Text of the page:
After playing for a while, the game starts to reveal its heartbreaking flaws. For instance, a new feature called “traffic” is a result of pedestrians walking by a location in the tower. This tends to tick off condos, hotels, and offices to no end, driving their evaluation down and forcing them to move out. The reason why this is so bad is that you can literally have five-ten people walk by an office/hotel and the evaluation of the tenant drops in the red. I mean, picture an elevator to the left of three offices. Since oh-so many people are walking by the first office, that one constantly moves out due to noise. This is awful and sloppily programmed (especially considering that offices aren’t that quiet), forcing you to be really stingy with your more reserved structures.

Not only that, but going back to the stores, they no longer “stay in the green” every day like clockwork. The amount of sales are different each day, and that’s a good thing. However, there’s really no way to coax people to shop at your stores (big shopping centers SHOULD attract more patrons); no matter how big your tower gets, there’s little to no interaction between non-shoppers and your stores. For instance, in SimTower, office workers would patronize fast food stores and earn you money. Not this time. Shoppers go to a store and leave and leave. As a result, stores may a LOT LESS money than they did in the previous iteration. Some stores, such as the electronics store and the ramen noodles, are literally programmed to sell little to nothing each day, burning a hole in your pocket. It feels really awful and sloppy and, if given a patch, Yoot Saito could fix this travesty. Oh yeah, and even if a store did break even for a day, they would usually earn you chump change that is hardly worth the risk. Awesome.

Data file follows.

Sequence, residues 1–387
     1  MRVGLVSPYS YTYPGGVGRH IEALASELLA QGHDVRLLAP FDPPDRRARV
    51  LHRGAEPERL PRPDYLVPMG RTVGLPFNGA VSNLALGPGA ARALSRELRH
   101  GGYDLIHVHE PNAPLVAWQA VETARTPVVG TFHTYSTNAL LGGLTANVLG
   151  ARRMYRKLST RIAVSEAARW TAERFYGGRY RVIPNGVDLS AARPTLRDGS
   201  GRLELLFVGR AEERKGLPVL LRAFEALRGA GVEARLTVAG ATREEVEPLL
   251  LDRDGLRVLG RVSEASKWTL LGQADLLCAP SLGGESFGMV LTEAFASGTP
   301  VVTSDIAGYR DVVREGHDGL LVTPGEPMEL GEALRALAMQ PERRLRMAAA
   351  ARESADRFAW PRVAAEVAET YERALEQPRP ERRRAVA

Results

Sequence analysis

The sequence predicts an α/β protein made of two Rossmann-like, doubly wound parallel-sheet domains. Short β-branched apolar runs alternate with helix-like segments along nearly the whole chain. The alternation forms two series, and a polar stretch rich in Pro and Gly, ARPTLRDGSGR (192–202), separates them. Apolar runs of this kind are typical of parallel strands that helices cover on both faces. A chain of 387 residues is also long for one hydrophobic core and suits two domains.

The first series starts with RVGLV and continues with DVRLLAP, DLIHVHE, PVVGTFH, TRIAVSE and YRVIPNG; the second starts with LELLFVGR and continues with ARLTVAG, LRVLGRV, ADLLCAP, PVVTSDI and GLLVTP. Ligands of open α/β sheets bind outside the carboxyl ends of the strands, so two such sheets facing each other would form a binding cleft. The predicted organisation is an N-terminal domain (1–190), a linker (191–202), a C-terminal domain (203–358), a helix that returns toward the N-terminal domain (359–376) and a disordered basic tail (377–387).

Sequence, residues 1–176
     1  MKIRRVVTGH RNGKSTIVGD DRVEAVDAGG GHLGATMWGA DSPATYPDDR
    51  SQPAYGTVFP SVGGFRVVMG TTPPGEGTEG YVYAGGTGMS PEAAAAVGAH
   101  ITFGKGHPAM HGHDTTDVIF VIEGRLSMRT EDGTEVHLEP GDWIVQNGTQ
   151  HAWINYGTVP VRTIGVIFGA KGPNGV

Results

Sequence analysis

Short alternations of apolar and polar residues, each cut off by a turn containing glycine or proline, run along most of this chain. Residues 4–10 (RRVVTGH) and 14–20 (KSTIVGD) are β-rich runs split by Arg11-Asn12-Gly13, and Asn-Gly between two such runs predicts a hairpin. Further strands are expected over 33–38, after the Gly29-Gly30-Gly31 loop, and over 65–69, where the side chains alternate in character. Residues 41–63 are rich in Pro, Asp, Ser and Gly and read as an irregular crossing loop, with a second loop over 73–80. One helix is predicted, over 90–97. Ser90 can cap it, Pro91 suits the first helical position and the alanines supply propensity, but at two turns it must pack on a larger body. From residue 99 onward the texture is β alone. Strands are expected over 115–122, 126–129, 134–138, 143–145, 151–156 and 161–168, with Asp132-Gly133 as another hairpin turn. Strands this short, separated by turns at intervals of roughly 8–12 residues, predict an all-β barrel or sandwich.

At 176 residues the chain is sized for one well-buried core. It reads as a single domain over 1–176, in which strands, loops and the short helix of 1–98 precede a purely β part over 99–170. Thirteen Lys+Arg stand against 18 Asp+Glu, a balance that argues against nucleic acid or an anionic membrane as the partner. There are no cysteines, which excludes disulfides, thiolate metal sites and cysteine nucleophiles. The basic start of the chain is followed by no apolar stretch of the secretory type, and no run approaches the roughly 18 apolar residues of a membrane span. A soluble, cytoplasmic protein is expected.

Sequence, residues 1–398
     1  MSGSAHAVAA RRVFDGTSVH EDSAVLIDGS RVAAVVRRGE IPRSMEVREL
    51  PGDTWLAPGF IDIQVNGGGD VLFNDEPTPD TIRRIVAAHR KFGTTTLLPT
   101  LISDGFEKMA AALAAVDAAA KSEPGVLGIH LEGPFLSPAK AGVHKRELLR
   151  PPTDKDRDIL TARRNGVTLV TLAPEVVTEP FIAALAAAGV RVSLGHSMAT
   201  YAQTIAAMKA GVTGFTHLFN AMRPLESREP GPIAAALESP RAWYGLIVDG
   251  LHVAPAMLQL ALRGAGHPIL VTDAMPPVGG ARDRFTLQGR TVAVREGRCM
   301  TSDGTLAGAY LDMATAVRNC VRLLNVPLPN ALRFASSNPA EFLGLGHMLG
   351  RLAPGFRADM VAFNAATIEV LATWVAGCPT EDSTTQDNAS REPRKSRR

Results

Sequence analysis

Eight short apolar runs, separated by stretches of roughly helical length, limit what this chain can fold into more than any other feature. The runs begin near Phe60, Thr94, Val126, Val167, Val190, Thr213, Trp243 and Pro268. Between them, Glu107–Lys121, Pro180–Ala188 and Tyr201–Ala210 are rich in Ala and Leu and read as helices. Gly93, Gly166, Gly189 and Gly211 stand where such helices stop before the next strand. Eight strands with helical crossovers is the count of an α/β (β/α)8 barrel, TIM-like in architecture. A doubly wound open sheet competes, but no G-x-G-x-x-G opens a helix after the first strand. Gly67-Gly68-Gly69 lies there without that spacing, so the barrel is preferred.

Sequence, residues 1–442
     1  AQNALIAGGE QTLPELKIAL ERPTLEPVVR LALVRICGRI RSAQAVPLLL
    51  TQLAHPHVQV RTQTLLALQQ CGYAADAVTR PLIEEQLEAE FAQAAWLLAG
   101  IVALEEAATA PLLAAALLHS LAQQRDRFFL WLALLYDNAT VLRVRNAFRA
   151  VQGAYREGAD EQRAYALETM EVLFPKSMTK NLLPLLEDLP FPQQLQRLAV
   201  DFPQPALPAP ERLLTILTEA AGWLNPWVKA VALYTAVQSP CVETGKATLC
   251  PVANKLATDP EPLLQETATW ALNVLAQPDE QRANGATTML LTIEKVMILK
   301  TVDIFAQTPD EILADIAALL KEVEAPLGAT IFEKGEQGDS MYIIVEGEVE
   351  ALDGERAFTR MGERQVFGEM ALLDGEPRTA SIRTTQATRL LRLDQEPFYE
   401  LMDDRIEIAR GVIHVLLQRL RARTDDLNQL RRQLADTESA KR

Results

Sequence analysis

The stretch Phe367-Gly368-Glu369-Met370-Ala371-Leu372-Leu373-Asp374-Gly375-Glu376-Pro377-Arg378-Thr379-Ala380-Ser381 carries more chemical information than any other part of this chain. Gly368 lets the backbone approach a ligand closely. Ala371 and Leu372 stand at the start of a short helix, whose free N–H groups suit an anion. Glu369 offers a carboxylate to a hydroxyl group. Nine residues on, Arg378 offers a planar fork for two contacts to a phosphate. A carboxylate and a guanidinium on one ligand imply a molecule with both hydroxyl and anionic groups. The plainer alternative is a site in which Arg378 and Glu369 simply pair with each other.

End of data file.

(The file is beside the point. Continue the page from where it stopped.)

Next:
For the rest of the game, you’ll be saving up cash to build your next office/condo/hotel/store in your Tower of L33tness, and that means you’ll be doing a lot of saving and waiting too. As you build up the tower, you gain stars just like in the original, but the requirements are pretty easy and usually involve getting a really high population. You’re rewarded with—get this—more stores to build! Unlike SimTower, you have to work hard for your money, but it’s not that this game is challenging--you have to fight against stupid things like pedestrian traffic, random businesses, all sorts of dumb utilities that you have to build, and the usual terrorist bombs and fires. It’s not fun after a while, unlike the easy-going SimTower.

Aesthetically-wise, I’m impressed, but it could be revamped quite a bit. For instance, the city of Tokyo has a nice backdrop with big towers behind you. Weather effects in the sky give your tower a sense of comfort from the elements as the cute black silhouettes scatter horizontally through the depths of the tower. The structures consist of the same charming and colorful sprites that are pleasing to the eye. However, you’re always stuck with that fugly white three-story lobby, plus the sky lobbies are now forever no more. Also, you’ll have all these little grey gaps here and there inbetween your tenants that looks pretty funky overall. At least slap on some yellow wallpaper or something, because people are walking through these halls, I mean, come on.

Sound-wise, a lot of the sound effects are re-recorded from the original SimTower, usually consisting of the same Asian "Simlish" you’ve come to love from the original. No real music this time around, though.

All in all, the real reason why I didn’t like this game is that, from my SimTower experience, I was hoping for an enhanced sequel with extra interactivity and solid gameplay. I felt that I got neither this time around and it feels rather vacant overall. While I do love building 2-D stores and escalators, it’s not enough to deeply invest in this game.

Presentation: 5/10 -- Looks like a pirated game from the get-go, and the menus feel rather clunky
Gameplay: 5/10 -- A handful of new features from the original SimTower, but the gameplay is rather sloppy and ungenuine this time around.
Graphics: 7/10 -- Same cute 2-D sprites, including some nice panoramic views and animated silhouettes.
Sound: 6/10 -- Some chatter from the structures, and that’s it.
Replay Value: 5/10 -- You’ve got a few options to expand your vetical canvas, but overall, the game feels disjointed and falls apart after a while.

Rating:   2.5 - Playable

Product Release: Yoot Tower (US, 03/31/99)